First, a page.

Does the cold weather have you feeling tight? Try this simple stretching routine for increased flexibility.


Many people overlook the importance of flexibility, but a balanced fitness routine includes cardio, strength training, and flexibility exercises. Stretching isn’t only for gymnasts and runners. It’s for all who want to keep their muscles strong, lean, flexible, and free of injury. Being flexible also improves your range of motion, circulation, balance, and coordination. That’s a lot of perks!

Fitness experts agree that flexibility exercises should be done on a regular, if not daily, basis. With more than 650 different muscles in the human body, it can be hard to know how to effectively stretch. The most important muscles to stretch include your hamstrings, calves, hip flexors, and quadriceps. It’s also smart to stretch your neck, shoulder, and lower back. Remember, flexibility doesn’t happen overnight. Stay committed to your routine and over time you’ll see improvements.

Stretched Hamstrings

Your hamstrings are the muscles along the back of your thighs. To get an effective hamstring stretch, sit on the floor and straighten your legs out to either side. Lean over and reach your hands toward your left foot as far as you can go without pain. Hold for 20 to 30 seconds. Sit up, reach toward your right foot, and hold.

Extended Calves

To stretch the muscles that run along the back of your lower legs, do the lunging calf stretch. Stand in front of a wall, extend your arms, and place your hands against the wall. Step your left foot back, slightly bend your right knee, and lean into the wall. Keep your left leg straight and press your left heel down toward the ground. The greater the distance between your feet, the more you’ll feel the stretch in your calf. Hold the stretch and then switch legs.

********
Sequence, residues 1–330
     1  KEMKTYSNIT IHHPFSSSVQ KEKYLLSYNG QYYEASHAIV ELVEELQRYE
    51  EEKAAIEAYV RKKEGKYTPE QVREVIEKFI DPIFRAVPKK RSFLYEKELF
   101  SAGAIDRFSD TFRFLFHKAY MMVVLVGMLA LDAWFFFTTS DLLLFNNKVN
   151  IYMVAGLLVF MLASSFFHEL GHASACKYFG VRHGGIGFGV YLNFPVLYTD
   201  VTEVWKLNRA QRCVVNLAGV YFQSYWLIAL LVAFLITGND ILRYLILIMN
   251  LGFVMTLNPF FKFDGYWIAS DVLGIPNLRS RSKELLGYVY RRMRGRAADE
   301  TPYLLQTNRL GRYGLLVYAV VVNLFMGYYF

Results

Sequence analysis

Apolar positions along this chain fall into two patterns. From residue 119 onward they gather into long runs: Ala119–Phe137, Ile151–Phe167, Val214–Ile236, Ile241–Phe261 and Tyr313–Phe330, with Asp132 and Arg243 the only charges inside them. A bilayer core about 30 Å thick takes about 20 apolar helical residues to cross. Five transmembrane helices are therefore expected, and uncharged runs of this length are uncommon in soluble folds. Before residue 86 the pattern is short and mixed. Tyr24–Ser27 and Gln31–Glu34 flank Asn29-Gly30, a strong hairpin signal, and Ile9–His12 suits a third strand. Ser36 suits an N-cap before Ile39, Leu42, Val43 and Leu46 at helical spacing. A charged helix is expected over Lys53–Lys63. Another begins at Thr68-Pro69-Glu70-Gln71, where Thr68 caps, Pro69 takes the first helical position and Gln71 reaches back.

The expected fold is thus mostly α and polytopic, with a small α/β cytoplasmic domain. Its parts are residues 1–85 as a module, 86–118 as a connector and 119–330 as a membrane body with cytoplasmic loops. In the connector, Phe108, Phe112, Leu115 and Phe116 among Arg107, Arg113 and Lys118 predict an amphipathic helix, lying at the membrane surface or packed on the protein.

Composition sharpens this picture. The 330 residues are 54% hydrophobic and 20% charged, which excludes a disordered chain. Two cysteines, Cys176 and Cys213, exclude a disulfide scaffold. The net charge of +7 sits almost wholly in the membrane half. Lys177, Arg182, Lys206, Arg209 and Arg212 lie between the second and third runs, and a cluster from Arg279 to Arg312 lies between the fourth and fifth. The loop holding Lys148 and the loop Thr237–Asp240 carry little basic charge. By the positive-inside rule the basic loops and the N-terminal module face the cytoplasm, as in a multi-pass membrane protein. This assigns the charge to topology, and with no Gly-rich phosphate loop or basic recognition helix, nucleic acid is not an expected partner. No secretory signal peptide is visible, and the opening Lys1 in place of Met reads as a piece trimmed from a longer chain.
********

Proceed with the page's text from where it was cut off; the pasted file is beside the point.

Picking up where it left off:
Flexible Hip Flexors

Your hip flexor muscles are found at the top of your thigh. Aiding in walking, bending, and twisting, it’s important to keep them limber. To stretch your hip flexors, kneel on your right knee on the floor and bend your left knee to a 90-degree angle in front of you. Keep your back straight and place your hands on your left knee. Lean forward, squeeze your glutes, and feel a stretch in your right hip. Hold, and then switch legs.

Elastic Quadriceps

The muscles that run along the front of your thighs are some of the largest in the body. To effectively stretch your quadriceps, do the standing quad stretch. Stand up and hold onto a wall or chair for balance. Bend your right leg behind you and grab hold of your right ankle with you right hand. Gently pull and hold while you feel a gentle stretch. Switch legs and repeat.

Neck with Range

Help prevent tension, pain, and injury in your neck with neck tilts. Sit or stand up straight and slowly lower your chin toward your chest. Hold for 15 seconds, relax, and lift your head. Now slowly tilt your head back and look up toward the sky. Hold, relax, and lift your head. While standing, slowly tilt your head down toward your left shoulder. Hold, relax, and lift your head. Now slowly tilt your head down to the right shoulder.

Mobile Shoulders

To gain flexibility in your shoulders, do the cross-body arm stretch. Stand up, extend your right arm, place your left hand on your right elbow, and gently press your right elbow toward your left shoulder. Hold and switch arms.

Limber Lower Back

A great stretch for lower back pain and tightness is the double knee twist. Lie on your back and open your arms out to either side, palms facing down. Bend your knees and bring them up toward your chest. Slowly lower both knees over towards the floor on your left while keeping both shoulders on the floor. Hold and then raise your knees back to your chest. Slowly lower them toward the floor on your right.







© 2009-2010 Keuilian Inc. 
Powered by FitPro Magazine™Terms of Service | Legal Disclaimer
The content and information on this site is not intended to diagnose, cure, treat or prevent disease.
Please consult your physician prior to starting any exercise or diet program.